Eric Kjeldergaard kjelderg at gmail.com
Mon Feb 7 03:06:16 PST 2005

After having read this thread (yes, every line of it...) I'm really
quite interested in it.  Unfortunately, an analogy dropped off perhaps
below Señor Atkielski's radar so I thought I would recreate it and
hear his (and of course everyone else's) opinion(s) on it.

Let us make an analogue betwixt our Valerie and one who submits to the
local newspaper.  There is a roughly equal level of consent given in
both cases, and the mailing list (newspaper company) is understood to
be able to reproduce this to all subscribers.  Further, the mail
(newspaper) is archived in both cases by the mailing list authority
(newspaper company) and third parties (mirrors of mailing lists, other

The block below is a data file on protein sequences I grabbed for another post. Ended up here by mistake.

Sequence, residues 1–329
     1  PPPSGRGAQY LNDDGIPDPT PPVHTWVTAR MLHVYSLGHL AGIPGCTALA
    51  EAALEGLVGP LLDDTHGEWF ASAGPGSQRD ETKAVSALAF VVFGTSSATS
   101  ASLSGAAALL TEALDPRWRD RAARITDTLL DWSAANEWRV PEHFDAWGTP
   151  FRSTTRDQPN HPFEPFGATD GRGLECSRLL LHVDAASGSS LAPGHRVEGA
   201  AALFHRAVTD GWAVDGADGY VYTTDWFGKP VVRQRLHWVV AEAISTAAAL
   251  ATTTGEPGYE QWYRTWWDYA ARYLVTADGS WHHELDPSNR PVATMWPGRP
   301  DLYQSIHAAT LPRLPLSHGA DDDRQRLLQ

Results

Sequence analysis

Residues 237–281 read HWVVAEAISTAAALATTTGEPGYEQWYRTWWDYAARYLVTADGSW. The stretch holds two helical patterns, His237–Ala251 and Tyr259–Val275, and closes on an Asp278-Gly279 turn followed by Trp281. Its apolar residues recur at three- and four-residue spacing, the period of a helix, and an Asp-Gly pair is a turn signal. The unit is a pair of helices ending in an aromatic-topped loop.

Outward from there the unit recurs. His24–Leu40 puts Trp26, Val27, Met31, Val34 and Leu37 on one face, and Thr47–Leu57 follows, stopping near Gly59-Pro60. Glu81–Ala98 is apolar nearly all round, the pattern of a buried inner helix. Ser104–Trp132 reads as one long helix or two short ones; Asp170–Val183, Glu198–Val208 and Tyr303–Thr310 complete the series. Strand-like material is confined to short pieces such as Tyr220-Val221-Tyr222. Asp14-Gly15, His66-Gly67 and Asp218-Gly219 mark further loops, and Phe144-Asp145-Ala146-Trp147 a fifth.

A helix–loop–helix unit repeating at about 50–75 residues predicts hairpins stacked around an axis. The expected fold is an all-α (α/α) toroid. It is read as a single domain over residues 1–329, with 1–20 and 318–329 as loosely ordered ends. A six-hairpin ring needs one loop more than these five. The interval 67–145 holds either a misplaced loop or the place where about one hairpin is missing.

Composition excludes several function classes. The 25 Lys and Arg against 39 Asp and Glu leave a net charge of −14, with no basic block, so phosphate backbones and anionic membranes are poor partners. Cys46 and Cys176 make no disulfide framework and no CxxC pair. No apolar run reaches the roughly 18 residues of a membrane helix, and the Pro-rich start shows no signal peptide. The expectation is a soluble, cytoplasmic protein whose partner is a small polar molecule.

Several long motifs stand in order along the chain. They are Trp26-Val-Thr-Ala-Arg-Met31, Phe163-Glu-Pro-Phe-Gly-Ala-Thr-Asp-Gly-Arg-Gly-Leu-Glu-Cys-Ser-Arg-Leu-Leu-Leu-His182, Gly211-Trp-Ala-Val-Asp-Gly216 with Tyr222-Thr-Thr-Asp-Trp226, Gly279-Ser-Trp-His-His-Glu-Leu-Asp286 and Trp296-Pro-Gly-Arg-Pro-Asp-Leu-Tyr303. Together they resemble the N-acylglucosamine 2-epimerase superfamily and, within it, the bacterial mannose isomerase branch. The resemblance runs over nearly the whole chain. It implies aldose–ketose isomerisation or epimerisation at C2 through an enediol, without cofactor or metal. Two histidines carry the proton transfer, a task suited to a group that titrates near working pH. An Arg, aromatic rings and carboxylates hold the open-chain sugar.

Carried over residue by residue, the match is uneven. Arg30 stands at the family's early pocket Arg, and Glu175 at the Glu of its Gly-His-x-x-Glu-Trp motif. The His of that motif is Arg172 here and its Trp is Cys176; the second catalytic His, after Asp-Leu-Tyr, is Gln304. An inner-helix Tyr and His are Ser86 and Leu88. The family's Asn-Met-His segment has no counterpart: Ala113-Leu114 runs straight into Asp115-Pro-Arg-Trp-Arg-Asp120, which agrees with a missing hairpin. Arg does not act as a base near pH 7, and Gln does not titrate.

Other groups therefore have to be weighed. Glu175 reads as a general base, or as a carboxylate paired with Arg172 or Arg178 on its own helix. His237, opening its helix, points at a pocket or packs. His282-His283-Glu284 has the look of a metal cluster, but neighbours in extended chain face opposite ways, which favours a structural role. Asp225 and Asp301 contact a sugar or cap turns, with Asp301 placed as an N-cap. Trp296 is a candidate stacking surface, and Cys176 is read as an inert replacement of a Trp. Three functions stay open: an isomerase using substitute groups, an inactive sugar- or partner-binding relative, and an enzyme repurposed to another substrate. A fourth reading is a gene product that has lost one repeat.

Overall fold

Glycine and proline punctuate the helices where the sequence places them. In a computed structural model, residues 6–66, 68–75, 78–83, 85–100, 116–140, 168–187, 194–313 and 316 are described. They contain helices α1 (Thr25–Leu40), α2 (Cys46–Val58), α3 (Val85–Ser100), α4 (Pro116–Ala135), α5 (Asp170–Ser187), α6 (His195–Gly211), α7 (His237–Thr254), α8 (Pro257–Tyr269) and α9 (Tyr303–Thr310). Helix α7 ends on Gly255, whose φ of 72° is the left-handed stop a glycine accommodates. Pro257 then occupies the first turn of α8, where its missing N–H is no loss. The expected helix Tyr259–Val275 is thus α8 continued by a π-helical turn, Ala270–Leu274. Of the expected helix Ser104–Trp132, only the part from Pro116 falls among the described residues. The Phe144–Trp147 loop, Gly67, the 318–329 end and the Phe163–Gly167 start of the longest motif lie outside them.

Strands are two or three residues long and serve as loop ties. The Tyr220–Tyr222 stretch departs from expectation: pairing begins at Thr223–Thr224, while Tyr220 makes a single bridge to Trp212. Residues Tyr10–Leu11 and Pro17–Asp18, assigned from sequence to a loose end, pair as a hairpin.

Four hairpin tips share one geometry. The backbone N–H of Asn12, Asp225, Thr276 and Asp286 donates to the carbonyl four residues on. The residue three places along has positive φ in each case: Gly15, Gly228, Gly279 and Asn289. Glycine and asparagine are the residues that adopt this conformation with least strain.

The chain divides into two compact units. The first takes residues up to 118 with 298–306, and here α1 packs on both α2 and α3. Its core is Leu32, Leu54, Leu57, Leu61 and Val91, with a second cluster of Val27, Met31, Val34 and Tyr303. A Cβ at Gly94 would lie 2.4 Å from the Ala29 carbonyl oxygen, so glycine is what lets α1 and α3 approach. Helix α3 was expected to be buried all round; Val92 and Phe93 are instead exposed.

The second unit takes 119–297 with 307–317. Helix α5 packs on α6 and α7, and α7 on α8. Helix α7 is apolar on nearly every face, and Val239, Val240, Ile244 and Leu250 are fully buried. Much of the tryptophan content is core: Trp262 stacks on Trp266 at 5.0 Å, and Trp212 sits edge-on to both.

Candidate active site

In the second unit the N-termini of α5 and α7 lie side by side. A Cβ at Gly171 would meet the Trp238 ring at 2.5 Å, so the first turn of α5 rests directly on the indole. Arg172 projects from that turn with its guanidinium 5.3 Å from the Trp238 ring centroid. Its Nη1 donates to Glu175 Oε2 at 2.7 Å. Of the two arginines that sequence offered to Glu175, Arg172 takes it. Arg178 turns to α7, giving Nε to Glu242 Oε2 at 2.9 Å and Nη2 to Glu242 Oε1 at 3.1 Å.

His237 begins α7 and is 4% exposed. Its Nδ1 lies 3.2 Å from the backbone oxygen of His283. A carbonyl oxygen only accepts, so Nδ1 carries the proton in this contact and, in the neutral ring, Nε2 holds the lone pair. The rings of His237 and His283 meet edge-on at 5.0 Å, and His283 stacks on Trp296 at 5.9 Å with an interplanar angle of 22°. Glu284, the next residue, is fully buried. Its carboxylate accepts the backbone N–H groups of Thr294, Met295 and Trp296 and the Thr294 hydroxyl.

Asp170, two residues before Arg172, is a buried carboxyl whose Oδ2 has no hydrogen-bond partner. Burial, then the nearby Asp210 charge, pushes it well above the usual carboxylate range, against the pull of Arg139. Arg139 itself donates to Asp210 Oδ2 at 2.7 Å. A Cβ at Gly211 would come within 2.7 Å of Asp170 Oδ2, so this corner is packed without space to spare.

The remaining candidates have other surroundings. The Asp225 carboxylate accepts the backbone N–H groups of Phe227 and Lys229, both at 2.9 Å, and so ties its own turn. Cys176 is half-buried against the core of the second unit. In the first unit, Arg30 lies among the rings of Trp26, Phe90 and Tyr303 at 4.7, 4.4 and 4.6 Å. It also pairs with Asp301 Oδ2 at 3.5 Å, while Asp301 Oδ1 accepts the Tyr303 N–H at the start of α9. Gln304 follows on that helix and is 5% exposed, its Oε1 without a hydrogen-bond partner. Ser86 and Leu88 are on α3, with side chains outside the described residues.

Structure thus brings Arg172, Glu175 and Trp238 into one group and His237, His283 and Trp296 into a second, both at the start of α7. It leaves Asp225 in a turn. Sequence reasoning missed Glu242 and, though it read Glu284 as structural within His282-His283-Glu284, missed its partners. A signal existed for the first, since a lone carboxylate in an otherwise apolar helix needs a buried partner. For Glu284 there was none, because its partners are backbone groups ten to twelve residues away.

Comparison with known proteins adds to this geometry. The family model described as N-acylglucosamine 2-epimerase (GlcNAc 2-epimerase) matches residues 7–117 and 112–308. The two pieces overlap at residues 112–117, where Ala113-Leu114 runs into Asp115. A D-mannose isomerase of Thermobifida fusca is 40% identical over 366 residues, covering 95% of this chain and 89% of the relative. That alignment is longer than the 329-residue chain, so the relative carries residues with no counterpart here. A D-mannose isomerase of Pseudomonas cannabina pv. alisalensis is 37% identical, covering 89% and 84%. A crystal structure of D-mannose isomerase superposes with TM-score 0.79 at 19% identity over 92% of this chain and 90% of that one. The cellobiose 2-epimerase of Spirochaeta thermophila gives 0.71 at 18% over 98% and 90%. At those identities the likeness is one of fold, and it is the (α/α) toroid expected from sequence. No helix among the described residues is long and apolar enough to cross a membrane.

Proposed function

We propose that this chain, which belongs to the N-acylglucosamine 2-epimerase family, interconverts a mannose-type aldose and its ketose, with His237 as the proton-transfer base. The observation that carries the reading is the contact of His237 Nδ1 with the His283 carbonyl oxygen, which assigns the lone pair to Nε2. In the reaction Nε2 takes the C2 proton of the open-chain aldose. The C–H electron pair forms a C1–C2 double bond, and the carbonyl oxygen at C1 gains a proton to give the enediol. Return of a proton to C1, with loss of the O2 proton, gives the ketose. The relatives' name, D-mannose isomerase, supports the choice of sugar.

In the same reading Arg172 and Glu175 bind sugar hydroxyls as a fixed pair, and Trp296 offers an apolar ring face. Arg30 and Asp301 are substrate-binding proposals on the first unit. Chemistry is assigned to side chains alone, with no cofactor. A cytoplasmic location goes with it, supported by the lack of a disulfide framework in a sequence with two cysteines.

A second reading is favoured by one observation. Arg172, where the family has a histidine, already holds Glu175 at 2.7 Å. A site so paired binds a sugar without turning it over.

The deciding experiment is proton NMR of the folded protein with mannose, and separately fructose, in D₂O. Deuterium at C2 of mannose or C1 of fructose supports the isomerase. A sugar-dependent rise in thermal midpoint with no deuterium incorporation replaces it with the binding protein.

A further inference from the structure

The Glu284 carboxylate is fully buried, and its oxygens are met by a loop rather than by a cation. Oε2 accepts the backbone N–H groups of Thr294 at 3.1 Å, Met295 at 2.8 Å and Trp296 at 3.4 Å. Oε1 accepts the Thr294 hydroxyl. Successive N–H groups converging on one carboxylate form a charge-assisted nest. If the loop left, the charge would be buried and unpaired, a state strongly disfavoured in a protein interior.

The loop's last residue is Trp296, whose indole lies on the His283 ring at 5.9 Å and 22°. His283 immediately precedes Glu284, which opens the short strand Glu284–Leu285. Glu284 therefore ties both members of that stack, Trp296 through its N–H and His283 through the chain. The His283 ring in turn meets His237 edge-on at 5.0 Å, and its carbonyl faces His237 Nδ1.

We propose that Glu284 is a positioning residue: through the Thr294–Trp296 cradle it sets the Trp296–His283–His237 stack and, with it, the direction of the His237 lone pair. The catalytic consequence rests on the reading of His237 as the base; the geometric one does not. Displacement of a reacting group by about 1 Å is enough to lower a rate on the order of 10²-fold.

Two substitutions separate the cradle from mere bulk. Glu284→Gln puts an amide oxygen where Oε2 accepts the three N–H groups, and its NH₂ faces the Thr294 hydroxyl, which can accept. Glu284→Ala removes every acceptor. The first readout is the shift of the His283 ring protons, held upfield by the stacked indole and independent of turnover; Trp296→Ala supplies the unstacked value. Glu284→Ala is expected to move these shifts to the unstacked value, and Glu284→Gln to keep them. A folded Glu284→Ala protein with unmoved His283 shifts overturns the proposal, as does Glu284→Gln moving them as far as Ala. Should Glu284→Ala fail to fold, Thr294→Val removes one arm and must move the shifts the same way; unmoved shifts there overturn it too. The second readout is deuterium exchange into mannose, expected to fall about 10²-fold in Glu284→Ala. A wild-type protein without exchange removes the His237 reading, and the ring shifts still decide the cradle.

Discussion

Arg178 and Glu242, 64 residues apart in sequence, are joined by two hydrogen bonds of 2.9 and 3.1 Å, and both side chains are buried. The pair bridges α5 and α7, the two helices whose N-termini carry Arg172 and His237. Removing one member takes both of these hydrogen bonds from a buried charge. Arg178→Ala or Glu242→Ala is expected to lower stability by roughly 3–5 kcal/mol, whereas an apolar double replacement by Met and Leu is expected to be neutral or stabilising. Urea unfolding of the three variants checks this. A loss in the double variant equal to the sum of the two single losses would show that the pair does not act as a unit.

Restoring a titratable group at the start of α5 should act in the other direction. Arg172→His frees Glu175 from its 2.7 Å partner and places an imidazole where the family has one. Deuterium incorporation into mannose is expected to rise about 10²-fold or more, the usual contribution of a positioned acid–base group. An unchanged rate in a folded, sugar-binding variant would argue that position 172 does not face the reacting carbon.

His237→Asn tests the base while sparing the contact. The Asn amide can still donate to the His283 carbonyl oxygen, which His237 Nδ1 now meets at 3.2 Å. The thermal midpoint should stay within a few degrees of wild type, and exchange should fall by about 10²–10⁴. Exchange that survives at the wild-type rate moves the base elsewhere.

mailing list archives, libraries, etc.) all of which are generally
available for viewing by the public.

So this request would be likened unto our Valerie writing to the
newspaper company and asking that any and all copies of the paper
which her submission was quoted in be burnt/destroyed/what have you. 
The newspaper company certainly has legal right to destroy their
archived copies and may choose to do so, though I doubt the newspaper
agency is legally bound to do that.

Would this not be a reasonable analogy (if we throw out the fact that
the newspaper companies are generally capitalist entities since it has
little bearing here)?  Certainly the newspaper didn't require a
contract to be signed by its submitters before distributing publicly
their submissions.  I don't see that a mailing list would need such a
thing.  The submissions are given under the understanding that they
shall be publicly available both to subscribers and non subscribers in
their favourite restaurants and libraries.

If I write a signature, my emails will appear more personalised.

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